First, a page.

When Music Australia life member and noted cultural economist Hans Hoegh-Guldberg passed away in February 2016, Australian music lost a remarkable contributor. Founder Dick Letts pays tribute to Hans’ many achievements and his service to music.
Hans died on February 23 just shy of his 84th birthday. Australia has lost a unique contributor to its musical and cultural life: Hans, in his later years, devoted his time to the arts as a cultural economist, one of two Australians (with Prof. David Throsby) to make his mark in that field.
Hans was born and grew up in Denmark. He finished his university education there and in 1959 emigrated to Australia with Isobel Gay (of Robertson, NSW), his new Australian wife. He worked as an economist with three consultancy firms in Sydney and then as an executive in a manufacturing company. In 1984 he struck out to set up his own economics consultancy firm, Economic Strategies.
Its first job was a consultancy with the Music Board of the Australia Council to write an economic survey of the music sector. Usually, in such analyses the music sector was taken to be the recording industry. This study was an innovation: it took in the entire sector including for instance music education at all levels, tourism, non-profit performing organisations, community music development and so on. From that time onwards, Hans took the broad view.
To Hans’s cultural interests, ecological economics was added in 2000. Hans noted that “The two areas have many similarities, epitomised through the relatively low priority of natural and cultural assets in government policy-making, which is dominated by short-term annual accounts and budgets.” A few years ago, he completed a major international study of marine ecology with his famous marine scientist son, Ove.
Dick Letts, who as Director of the Music Board had invited Hans to carry out the study of the music sector in 1985, proposed him as a member of the Music Council of Australia (precursor of Music Australia). Hans joined in 2005 and became a very important member. Dick instigated the MCA database, intended as a comprehensive source of information about music in Australia. Hans became its editor and under his editorship, the database quickly evolved into the Music in Australia Knowledge Base (2007), an online source of information intended to describe the entire Australian music sector: facts, figures and futures.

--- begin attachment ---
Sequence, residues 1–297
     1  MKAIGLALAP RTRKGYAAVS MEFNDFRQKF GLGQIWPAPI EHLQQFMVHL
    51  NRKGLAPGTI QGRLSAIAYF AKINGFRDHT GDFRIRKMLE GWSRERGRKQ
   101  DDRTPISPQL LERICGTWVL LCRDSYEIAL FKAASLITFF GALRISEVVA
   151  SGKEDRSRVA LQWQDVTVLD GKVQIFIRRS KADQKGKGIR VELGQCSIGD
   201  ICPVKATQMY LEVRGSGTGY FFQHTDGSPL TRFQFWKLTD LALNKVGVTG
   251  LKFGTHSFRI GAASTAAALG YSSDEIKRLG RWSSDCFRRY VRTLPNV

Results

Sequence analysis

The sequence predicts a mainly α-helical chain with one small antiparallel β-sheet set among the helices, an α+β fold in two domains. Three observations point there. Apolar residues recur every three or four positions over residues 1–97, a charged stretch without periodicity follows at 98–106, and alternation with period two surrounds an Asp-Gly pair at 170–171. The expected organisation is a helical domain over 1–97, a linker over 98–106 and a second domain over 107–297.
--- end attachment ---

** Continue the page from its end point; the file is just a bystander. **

In a parallel effort, Hans with Dick took on another first, A Scoping Study for a Statistical Framework for the Music Sector (2005), in a contract for the Cultural Ministers’ Council. In its comprehensiveness, this was another first. Alas, having funded this basic work, the governments never supported the collection of the statistical data. In fact, there has been a slow and steady decline in government support to cultural data collection. The industry and governments are to an extent flying blind without this fundamental knowledge. Hans’s work had consequently become increasingly important.
The Knowledge Base grew steadily as music sector people wrote papers describing their piece of the action. Hans concentrated especially on the numerical data, analysing surveys from government and industry sources and some written especially for the Knowledge Base.
When Dick Letts left the Music Council in 2013, it was agreed that he would continue to care for the Knowledge Base. Hans came with him and continued as editor.
In the last couple of years, Hans threw himself into Knowledge Base work, especially in undertaking and publishing his own work. His last big project, totally self-generated, is a 14-chapter study of possible scenarios for the development of the music sector to the year 2035. There are four scenarios ranging from optimistic to pessimistic and all, said Hans, equally possible. They are the result of enormous world-wide economic forces and perhaps beyond our manipulation. He connected this to Dick’s work on complex adaptive systems. Hans believed that these analyses are unique and world-firsts.
Cultural economics probably is not going to be a lucrative career path! A cultural economist probably needs to be motivated much as artists are, working above all because of a belief in the importance of the arts, founded partly on the deep and joyful experience of the arts in his or her own life. That certainly sounds like Hans Hoegh-Guldberg.
By Dr Richard Letts AM, Director The Music Trust, and founder and former Executive Director Music Australia